And with six hours left, the leading No. 2 908 of Stephane Sarrazin, Franck Montagny and Nicolas Minassian retired with turbo failure. That was followed four hours later by the No. 1 Peugeot 908 HDI, driven by Alexander Wurz, Marc Gene and Anthony Davidson, which suffered a blown engine with just two hours left in the race. And finally, the non-factory Oreca Peugeot 908 of Olivier Panis, Nicolas Lapierre and Loic Duval also retired with a blown engine, with Duval gamely trying to catch the No. 7 Audi, which was then leading.

While all of this was going on the Audi machines continued to circulate relentlessly - just fast enough to keep within sight of the Peugeots - until the race finally came to them, resulting in a 1-2-3 sweep of the 2010 24 Hours of Le Mans for the German manufacturer. 

“It’s unbelievable, I didn’t expect it,” Rockenfeller told the media afterwards. “We did a good, clean job and we were lucky that our main competitor had so many problems.” “At the beginning it was a little unlucky for us, but at the end it worked out fine,” Audi team chief Wolfgang Ullrich told the AP. “It’s a great reward for all the work everyone has done. I think this has to be the hardest Le Mans we’ve ever done.”

It was not only Audi's ninth overall victory at Le Mans, it was the fourth time they delivered a 1-2-3 sweep, having also accomplished the feat in 2000, 2002 and 2004. And with this victory Audi ties Ferrari for second place on the list of the most successful manufacturers at Le Mans. (Porsche has the best record with 16 wins.)

Twelve years ago Audi decided that it could not and would not accept its perennial "No. 2" status behind German juggernauts BMW and Mercedes-Benz any longer. They embarked on a course to elevate their production cars based on its "march to a different drummer" attitude, and made them bristle with engineering excellence and advanced technical thinking. At the same time, Audi decided that racing would be the tip of its technological spear and the showcase for its considerable engineering capabilities, and that it would race at the highest levels of the sport - and win - to demonstrate those capabilities.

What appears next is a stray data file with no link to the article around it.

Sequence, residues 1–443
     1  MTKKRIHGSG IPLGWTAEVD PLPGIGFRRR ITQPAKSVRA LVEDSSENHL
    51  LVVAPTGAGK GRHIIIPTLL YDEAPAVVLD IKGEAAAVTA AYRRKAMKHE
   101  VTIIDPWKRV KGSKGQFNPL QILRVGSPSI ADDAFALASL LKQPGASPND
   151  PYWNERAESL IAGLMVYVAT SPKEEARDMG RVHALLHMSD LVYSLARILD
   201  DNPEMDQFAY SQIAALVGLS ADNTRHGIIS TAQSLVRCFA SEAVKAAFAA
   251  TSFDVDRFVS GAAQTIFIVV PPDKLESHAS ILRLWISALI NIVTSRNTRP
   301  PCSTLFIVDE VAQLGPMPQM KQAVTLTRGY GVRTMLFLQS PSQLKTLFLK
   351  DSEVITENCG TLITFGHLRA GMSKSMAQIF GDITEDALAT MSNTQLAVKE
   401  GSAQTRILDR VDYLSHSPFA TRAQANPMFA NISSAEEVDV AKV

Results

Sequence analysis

And it has paid off handsomely, with Audi now regarded as one of the great luxury-performance brands in the world.

Through focused consistency, an unwavering commitment to excellence, and an unwillingness to settle for anything but the best that they can be - on and off the track - Audi is now the benchmark for how it's done for manufacturers around the world.


(Rick Dole for Michelin North America)
The winning No. 9 Audi R15 Plus TDI was driven by Timo Bernhard, Mike Rockenfeller, and Romain Dumas.

(Rick Dole for Michelin North America)
The winning drivers of the 78th running of the 24 Hours of Le Mans celebrate on the victory podium. Dr. Wolfgang Ullrich can be seen behind them.


Publisher's Note: As part of our continuing series celebrating the "Glory Days" of racing, we're proud to present another noteworthy image from the Ford Racing Archives. - PMD

(Courtesy of the Ford Racing Archives)
Sebring, Florida, 1967. Bruce McLaren and Mario Andretti pose with their Ford Mk IV prototype. A development of the "J-car" prototype, the Mk IV was entered in just two races - the 12 Hours of Sebring and the 24 Hours of Le Mans - and won both. McLaren and Andretti won Sebring going away that year with a 12 lap margin of victory, and Dan Gurney and A.J. Foyt Jr. would claim their historic win at the 24 Hours of Le Mans the following June.


Publisher's Note: Like these Ford racing photos? Check out Be forewarned, however, because you won't be able to go there and not order something. - PMD